Monday 11 December 2017

How big data can help the housing crisis

Amazingly, Ireland still relies on connections to the electricity grid to measure new dwellings being built. (Stock picture)
Amazingly, Ireland still relies on connections to the electricity grid to measure new dwellings being built. (Stock picture)

Ronan Lyons

Imagine a company that didn't know what assets it owned. No doubt there are plenty of sole traders who might not formally have a balance sheet, and similarly, there are plenty of companies - including big ones - that find it difficult to put a value on intangible assets like their brand. But it is hard to imagine any company that wouldn't know what real estate it owned. Particularly if that company was a multi-billion euro company.

Yet that, amazingly, is the situation Ireland finds itself in when it comes to property. True, there are national accounts that estimate the total value of various types of assets, including housing. For example, we know there are roughly two million properties in the country and we know that the average value of a property is a little above €200,000. So the total value of residential property in Ireland is those two numbers multiplied, so roughly €400bn.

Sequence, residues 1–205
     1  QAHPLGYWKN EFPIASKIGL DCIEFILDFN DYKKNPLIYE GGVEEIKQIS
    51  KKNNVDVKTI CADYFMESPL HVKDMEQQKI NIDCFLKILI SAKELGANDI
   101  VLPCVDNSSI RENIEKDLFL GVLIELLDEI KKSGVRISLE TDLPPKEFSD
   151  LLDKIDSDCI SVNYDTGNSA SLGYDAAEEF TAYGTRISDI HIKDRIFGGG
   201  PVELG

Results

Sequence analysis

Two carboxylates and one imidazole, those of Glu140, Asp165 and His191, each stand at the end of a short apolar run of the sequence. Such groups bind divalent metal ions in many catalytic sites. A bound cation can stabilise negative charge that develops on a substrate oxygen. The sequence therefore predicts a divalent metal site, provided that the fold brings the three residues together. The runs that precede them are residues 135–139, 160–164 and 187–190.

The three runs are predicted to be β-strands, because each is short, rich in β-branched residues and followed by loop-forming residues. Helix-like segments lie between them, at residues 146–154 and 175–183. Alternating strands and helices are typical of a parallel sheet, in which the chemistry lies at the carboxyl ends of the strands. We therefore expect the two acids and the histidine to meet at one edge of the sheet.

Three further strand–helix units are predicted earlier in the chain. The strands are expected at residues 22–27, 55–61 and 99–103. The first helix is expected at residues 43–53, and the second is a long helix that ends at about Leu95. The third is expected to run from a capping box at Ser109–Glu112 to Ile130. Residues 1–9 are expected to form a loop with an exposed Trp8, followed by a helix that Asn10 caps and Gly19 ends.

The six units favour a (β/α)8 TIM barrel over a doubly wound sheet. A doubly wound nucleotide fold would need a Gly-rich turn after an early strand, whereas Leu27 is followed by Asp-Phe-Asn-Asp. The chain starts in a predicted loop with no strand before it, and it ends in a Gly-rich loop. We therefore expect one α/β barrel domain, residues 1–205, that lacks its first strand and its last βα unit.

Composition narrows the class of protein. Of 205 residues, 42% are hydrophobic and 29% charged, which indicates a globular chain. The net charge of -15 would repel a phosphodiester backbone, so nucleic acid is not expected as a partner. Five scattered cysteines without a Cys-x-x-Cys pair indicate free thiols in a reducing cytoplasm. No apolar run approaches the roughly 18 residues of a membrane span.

But this number should be calculated from the bottom up, not from the top down. Most developed countries have what is known as a cadastre, a formal register of who owns what - and in some countries, who lives in what. This information is used for all sorts of purposes. Examples include which neighbourhoods need new schools or more hospital beds or greater provision of housing for older people.

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